(India Blog 6)
Chandni Chowk, Old Delhi
6:45. Evening. A good day. Good pictures, I hope. Shot about three and a half rolls of film. More than a hundred frames. The last color one is still in the Minolta. It is a good thing that I had that 28 mm lens. I needed it. I had never realized just how massive the Red Fort is. The Lal Qila.
I spent almost the whole day in Chandni Chowk. I didn’t eat or drink there. And I didn’t carry any water as I had the cameras.
Anyway, it is very different from Paharganj. A big Gurdwara there, but I was on the wrong side of the road to photograph it fully.
After that, I wandered back into another area that was totally Moslem. There were at least two big mosques there. One has to get out of the most crowded areas to get decent photos. That is, to even start to frame them anywhere decently.
I sat down on a cement stairway next to a shop to change my film. I realized that it was a good place to take street shots and no one was bothering me there. It was right on the street. So I just kept sitting there. It was right across from a huge mosque. As far as I can tell, I didn’t have anyone trying to steal my bag today.
I still have 1400 rupees out of that first one-hundred dollars that I changed, and it is probably enough to get me to Calcutta. And probably to the Hotel Lytton too. But I would like to change money at the airport if I can. I will be packed up and ready to go tomorrow. The flight is at 6:40, morning. I need to be there two hours before the flight. So I will leave the hotel at a little after four in the morning.
Today was generally quite good. I had to get rid of a couple of hawkers at the Red Fort. They come at you in a very aggressive way with those post cards and other things. Sometimes one has to be quite hard to get them to stop harassing one.
In the morning, it was farther to the Chandni Chowk area than I expected. And there was a lot of traffic. I got down to that big main street. There were families of monkeys walking along the buildings on the opposite side of the street. There was massive traffic, and the middle of the street was all dug out. They were apparently putting in a pipeline. I made some pictures there, but it was too crowded to do any proper framing. The streets were jam packed with rickshaws, cars, small vans and trucks. Even a few bullock carts.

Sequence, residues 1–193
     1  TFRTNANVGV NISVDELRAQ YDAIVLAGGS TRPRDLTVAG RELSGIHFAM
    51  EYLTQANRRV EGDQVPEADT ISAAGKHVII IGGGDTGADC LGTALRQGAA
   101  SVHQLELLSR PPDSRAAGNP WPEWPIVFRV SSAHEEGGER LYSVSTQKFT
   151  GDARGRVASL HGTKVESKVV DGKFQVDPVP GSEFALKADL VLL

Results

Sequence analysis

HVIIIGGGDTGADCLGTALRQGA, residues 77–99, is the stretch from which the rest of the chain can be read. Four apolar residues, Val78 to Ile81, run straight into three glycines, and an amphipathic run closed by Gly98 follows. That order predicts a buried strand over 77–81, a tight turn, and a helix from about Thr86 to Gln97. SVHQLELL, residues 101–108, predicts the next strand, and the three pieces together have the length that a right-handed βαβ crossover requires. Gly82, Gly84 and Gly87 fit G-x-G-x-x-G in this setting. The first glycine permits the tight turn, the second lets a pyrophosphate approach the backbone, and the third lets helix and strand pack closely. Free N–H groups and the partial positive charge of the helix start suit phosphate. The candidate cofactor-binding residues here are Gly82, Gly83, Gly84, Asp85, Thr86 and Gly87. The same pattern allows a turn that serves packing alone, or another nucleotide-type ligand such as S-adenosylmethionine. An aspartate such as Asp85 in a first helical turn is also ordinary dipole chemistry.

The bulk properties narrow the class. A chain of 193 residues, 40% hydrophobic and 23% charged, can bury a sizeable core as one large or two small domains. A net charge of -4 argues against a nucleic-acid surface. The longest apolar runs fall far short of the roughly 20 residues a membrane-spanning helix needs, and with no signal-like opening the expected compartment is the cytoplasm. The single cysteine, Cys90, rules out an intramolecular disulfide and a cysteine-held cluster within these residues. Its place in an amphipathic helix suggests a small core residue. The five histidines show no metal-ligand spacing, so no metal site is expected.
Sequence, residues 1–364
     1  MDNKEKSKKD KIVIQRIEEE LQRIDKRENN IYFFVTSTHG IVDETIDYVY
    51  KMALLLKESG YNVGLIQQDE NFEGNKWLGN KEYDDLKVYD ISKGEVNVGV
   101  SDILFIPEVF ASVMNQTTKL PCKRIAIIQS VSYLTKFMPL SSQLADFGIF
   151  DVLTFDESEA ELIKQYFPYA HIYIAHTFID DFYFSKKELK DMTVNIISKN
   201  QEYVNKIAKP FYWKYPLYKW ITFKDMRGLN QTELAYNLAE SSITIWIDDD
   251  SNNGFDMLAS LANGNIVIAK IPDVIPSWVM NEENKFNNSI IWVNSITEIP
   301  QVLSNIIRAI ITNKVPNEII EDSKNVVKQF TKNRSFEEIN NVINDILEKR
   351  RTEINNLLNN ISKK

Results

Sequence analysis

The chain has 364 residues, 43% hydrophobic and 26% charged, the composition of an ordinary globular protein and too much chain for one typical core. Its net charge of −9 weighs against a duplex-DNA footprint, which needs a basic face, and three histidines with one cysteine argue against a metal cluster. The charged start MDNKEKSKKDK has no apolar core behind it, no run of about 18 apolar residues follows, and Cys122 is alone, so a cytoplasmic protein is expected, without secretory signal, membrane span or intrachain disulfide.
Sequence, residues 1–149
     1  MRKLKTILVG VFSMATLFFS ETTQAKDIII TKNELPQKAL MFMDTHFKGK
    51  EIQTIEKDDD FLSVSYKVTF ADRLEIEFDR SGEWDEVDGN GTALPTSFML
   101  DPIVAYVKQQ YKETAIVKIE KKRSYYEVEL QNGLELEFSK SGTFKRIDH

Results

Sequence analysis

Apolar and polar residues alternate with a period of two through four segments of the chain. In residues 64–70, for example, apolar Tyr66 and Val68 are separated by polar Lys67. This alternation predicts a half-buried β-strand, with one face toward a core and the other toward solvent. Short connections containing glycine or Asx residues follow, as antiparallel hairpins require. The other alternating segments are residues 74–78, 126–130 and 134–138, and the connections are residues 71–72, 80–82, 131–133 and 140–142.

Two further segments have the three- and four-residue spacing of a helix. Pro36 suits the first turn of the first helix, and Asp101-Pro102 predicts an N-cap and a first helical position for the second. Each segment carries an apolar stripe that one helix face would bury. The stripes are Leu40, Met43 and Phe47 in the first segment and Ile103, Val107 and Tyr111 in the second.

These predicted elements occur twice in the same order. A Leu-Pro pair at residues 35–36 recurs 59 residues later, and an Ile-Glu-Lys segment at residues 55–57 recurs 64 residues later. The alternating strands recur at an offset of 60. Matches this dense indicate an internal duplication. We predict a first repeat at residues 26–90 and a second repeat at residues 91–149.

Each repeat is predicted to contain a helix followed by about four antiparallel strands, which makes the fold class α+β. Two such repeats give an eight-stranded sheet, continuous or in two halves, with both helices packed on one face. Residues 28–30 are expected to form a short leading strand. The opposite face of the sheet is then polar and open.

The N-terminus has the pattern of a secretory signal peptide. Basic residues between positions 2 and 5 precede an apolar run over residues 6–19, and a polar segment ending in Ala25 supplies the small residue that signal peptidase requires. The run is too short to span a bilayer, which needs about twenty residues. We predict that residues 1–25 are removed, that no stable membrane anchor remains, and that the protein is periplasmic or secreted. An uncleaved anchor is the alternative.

I went into a side street. The sun was coming at an interesting angle, making it rather difficult to shoot black and white film. The electrical wiring was unbelievable, the way the cables were wound up and tangled together. I spent some time trying to photograph that. It was just amazing and quite easy to photograph, really. No one put up any resistance to my photography.
I went inside a smaller lane. This was really better for framing the shots.
When I came out on another street, it had shifted to an Islamic area. I was in front of a large mosque. There were some interesting characters on the street and I began to photograph them. At first, I was just walking, doing what I could. I sat down on a side street, near a stairs, to change the film in the Minolta.
But them, I started shooting black and white film with the Leica M6.
I shot almost a whole roll of 36 frames right there in the same spot. I was sort of back from the street rather out of site. I realized that it was a good place from which to shoot the street. The light was good for black and white, out of the direct sunlight. People had no idea that I was taking pictures of them. It was also a help that there were so many things going on and much confusion. I was not being noticed. There was a constant parade of people walking on the street, where there were no sidewalks.
After a while, an old Moslem guy came with a cart and set up a peanut stand just to the right of me. And he asked me to make his picture. But after that, he acted like he wanted a tip. Unfortunately at the time, I didn’t have any change, and the smallest thing I has was a 500 rupee note. I made a couple more pictures of him while he was selling peanuts.
Young children were coming from a school, packed into rickshaws. There must have been ten or more packed into each rickshaw. That was their school bus. Many people were just walking on the street in rather local colorful outfits, so it was a good place to get local pictures.
Finally, I figured that it was enough in that spot. I walked on and was rather hungry and thirsty by that time. I thought about where I should go. I thought of that Moti Mahal Restaurant that I had made a note of. I knew that it was not too far from there, near the Red Fort.
But first to the Red Fort.